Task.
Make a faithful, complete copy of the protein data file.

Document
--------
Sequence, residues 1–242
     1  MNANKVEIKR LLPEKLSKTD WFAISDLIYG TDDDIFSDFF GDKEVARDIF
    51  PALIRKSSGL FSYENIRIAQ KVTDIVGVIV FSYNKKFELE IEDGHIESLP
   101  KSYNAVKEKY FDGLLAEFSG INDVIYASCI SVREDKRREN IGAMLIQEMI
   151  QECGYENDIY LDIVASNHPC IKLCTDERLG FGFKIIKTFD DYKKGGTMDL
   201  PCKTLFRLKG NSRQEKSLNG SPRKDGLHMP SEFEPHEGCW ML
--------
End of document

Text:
Sequence, residues 1–242
     1  MNANKVEIKR LLPEKLSKTD WFAISDLIYG TDDDIFSDFF GDKEVARDIF
    51  PALIRKSSGL FSYENIRIAQ KVTDIVGVIV FSYNKKFELE IEDGHIESLP
   101  KSYNAVKEKY FDGLLAEFSG INDVIYASCI SVREDKRREN IGAMLIQEMI
   151  QECGYENDIY LDIVASNHPC IKLCTDERLG FGFKIIKTFD DYKKGGTMDL
   201  PCKTLFRLKG NSRQEKSLNG SPRKDGLHMP SEFEPHEGCW ML